Summary: The offense of the Cross, not the violence or lame charges of anti-Semitism, is what has riled up critics of Gibson’s movie.
Experiencing the Passion of the Christ
Rev Dr Robert G Leroe, Cliftondale Congregational Church, Saugus, Massachusetts
One thing Mel Gibson’s movie has given us all is an opportunity to talk about our faith in Christ. We all like discussing movies we’ve seen, and with the publicity surrounding this film we’ve been given a means to openly dialogue about our faith.
I went on Ash Wednesday to see the movie The Passion of the Christ, and the next day I went again, with my wife. I arrived just a few minutes after 12-noon. Normally on weekday afternoons, the theater is sparsely attended; yet when I entered the place was full, and I managed to get one of the last available seats. Looking around, I noticed that many people had received ashes. There was a palpable sense of hushed expectation as the lights dimmed.
By now you’ve read, as I, numerous accounts and reviews on the movie. Let me focus on one scene that moved me the most. Jesus is being questioned, and Peter is present; the crowd is getting stirred up by the false charges of blasphemy, when a man grabs Peter and cries, “I recognize you! You’re one of his disciples!” Peter, with terror in his eyes denies the charge; then another says, “Yes! I know you! You’re Peter, his follower!” Again Peter shakes his head, denies that he is Jesus’ follower and manages to break loose. Then a young woman confronts him, and Peter screams, “I don’t know him, damn you!” At that moment, you see Jesus look straight into Peter’s eyes and his soul. The moment hit me as it was supposed to, like a thunderbolt.
The brutality of Christ’s death was horrific, and graphic. Crucifixion was the worst kind of death imaginable in the Roman Empire, reserved for the worst criminals. As the soldier’s arm came down to nail Jesus to the cross, I recalled that it was, in fact, the director’s arm, Mel Gibson’s. Why? To make a statement--that it was his, and our sins that led Jesus to die. The movie opens with a quote which is the point of the entire movie, the Messianic prophecy of Isaiah 53:5, “He was wounded for our transgressions, He was bruised for our iniquities; the punishment that brought us peace was upon Him, and by His wounds we are healed.” The Just became a sacrifice for us, the unjust. Bear in mind that the worst part of Christ’s suffering was being the Sin-Bearer, and being separated from the Father. He cries out, “My God, My God, why have You forsaken Me?” a quote from Psalm 22. Luther described this as “God, forsaken by God.”
Flashbacks make the brutality somewhat easier to bear, so that that the scourging isn’t unrelenting; there are breaks to recover somewhat from the violence. I agree that it is not appropriate for children. There are many subtle artistic touches, which complement the narrative without appearing to be an overly extra-biblical attempt at artistic license. And there is a clear although brief Resurrection, showing the triumph of Jesus over the grave.
I do not recall any public outcry over movie violence from films that glorify violence as entertainment, such as Reservoir Dogs, Kill Bill, Pulp Fiction, The Texas Chainsaw Massacre, Terminator, or The Godfather. At the ticket counter at the theater I went to there was a sign warning people…yet I do not ever recall such a sign for other, more violent films. Andy Rooney on 60 Minutes criticized Gibson for making money from the Crucifixion; I suspect he has never criticized Quentin Tarrentino for getting rich over his films that are filled with gratuitous violence. No one complains about the appropriate violence--and money made from--other historic films, like Shindler’s List and Saving Private Ryan.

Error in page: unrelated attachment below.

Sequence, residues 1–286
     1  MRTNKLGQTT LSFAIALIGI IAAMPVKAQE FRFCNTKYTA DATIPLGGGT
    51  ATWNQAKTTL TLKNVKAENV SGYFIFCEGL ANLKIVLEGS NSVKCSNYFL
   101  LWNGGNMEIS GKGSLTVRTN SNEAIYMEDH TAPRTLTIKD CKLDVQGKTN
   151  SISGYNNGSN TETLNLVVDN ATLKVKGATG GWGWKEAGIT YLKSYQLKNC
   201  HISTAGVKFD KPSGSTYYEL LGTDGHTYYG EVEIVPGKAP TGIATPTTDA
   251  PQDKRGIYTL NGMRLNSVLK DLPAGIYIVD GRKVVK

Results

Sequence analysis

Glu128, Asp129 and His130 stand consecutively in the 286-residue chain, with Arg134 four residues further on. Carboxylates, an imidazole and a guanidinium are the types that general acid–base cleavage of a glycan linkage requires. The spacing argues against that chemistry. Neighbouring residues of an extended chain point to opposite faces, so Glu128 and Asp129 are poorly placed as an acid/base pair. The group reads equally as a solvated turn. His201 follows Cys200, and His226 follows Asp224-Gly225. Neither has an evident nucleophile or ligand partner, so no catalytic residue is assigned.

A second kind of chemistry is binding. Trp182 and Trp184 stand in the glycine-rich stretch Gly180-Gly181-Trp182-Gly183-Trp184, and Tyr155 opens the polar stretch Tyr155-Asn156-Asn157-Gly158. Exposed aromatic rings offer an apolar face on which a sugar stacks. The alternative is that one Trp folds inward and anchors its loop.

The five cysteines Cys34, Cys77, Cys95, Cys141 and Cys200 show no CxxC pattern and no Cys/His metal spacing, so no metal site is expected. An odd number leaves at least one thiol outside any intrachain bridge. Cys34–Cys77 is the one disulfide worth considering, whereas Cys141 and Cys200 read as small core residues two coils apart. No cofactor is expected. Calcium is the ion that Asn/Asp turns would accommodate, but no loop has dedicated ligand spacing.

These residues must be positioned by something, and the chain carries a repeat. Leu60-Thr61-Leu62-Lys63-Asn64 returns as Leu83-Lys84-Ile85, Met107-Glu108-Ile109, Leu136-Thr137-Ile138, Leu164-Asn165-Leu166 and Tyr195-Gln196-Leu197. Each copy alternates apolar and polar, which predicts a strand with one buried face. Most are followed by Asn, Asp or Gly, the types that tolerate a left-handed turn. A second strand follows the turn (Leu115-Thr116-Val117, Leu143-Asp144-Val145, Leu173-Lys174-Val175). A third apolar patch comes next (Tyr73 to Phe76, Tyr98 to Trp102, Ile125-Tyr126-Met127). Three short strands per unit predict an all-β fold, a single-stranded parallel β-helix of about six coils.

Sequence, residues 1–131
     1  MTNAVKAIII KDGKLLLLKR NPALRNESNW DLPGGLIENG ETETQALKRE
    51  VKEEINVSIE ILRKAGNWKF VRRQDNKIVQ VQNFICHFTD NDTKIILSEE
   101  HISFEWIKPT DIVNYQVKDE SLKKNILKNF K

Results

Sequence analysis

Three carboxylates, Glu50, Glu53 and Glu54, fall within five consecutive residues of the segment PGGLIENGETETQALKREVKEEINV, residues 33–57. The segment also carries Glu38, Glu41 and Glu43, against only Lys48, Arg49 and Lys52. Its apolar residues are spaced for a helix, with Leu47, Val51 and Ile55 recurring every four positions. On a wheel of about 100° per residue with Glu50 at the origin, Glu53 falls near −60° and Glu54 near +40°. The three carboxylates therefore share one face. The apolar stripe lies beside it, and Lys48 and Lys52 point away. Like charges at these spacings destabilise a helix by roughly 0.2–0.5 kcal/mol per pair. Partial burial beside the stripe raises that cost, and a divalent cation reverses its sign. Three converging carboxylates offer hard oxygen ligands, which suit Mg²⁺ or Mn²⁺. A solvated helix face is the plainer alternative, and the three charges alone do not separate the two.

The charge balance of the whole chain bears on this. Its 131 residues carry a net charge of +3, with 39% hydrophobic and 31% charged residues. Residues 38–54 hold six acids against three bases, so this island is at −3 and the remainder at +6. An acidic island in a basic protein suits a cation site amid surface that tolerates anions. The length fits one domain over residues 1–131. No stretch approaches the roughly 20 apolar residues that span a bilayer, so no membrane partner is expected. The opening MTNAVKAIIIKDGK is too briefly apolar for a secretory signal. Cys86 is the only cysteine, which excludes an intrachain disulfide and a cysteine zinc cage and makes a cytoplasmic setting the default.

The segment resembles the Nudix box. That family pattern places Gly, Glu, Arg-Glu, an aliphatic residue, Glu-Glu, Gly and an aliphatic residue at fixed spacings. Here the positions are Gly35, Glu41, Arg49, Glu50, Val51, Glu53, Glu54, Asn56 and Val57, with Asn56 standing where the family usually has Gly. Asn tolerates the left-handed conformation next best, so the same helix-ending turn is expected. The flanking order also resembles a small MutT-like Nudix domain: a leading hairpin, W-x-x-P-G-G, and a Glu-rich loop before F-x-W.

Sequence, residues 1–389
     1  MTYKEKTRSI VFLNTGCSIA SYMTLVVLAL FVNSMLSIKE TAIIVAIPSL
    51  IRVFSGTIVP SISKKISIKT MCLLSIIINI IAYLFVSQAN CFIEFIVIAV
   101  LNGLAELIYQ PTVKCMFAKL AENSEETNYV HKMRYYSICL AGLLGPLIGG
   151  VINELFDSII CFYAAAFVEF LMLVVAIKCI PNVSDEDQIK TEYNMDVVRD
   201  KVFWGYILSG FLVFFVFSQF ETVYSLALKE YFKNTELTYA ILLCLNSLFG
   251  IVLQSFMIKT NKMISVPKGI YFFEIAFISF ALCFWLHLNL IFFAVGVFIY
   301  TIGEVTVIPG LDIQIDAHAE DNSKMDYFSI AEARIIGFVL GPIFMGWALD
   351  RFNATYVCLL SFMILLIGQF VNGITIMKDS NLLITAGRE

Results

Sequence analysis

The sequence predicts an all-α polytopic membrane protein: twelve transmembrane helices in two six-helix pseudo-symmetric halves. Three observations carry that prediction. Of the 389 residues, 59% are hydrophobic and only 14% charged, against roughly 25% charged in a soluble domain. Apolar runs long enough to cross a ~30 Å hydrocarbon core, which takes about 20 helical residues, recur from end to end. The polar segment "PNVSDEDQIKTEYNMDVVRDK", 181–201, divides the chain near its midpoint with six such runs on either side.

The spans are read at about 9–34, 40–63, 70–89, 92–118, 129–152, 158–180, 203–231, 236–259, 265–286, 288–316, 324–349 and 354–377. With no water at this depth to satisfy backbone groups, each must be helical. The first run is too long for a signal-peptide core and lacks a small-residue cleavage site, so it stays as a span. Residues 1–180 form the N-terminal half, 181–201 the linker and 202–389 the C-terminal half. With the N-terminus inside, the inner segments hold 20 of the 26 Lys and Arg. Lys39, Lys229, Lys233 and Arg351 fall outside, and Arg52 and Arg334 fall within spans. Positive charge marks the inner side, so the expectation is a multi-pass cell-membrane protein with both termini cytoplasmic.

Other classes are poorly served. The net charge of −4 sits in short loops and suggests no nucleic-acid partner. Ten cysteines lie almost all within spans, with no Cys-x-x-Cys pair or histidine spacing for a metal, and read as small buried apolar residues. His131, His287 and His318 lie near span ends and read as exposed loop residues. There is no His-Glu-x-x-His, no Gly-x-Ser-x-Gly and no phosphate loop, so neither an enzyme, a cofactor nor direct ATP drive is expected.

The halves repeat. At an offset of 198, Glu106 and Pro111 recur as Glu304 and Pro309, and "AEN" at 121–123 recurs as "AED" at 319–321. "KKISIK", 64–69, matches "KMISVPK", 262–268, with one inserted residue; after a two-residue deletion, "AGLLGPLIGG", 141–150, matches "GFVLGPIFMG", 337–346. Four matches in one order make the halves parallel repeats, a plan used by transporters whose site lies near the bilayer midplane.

The Apostle Paul writes of the “offense” of the cross in Gal 5:11. The real issues of The Passion that rile people are first, (according to the Boston Globe) Gibson’s “absolutist, literal and simple” message, which is, “you’re either for us or against us.” I admit, this is, in fact, the message, the very words of Jesus. There can be no neutrality. The other offense comes from the fact that Jesus died as a sacrifice for sin; He died to pardon us. This means we need forgiving. It means we are sinners, something people may not care to hear, nor accept. “How dare you imply that I have such a need!” One Globe reviewer was overtly offended to be told by the movie that we need a Savior. It’s been said that if you really want to infuriate someone, forgive them! Like it or not: The bad news is that we’re sinners in need of forgiveness; the good news is that Jesus died to purchase our pardon.
The anti-Semitism of the movie is clearly Roman. You can see the contempt of the Romans towards the Jews throughout. Simon of Cyrene, forced to carry the cross of Jesus, is shown as a hero. A pilgrim in Jerusalem for the Passover, Simon became ceremonially defiled by touching the cross. He rebukes the Roman soldiers for mistreating Jesus and is venomously told, “Keep moving, Jew!” The movie, if anything, is anti-Italian. The buck stops at Rome. The Romans enjoyed beating Jesus because he was Jewish. The oldest Christian creed, the Apostles Creed, doesn’t even mention the Jewish nation; it says Jesus was “crucified under Pontius Pilate”, a weak politician who caved into a small special interest group that did not represent all Israel. He was already in trouble for misusing Temple funds to finance the building of an aqueduct and for allowing his soldiers to carry images regarded as idolatrous and offensive to the Jewish population. Gibson aptly points out to be anti-Semitic is to be anti-Christian. Gentile followers of Christ are, according to the Apostle Paul, the “seed of Abraham”. To hate Jews is, for Christians, self-hatred. The movie has some Jewish bad guys and good guys, but is not anti-Jewish.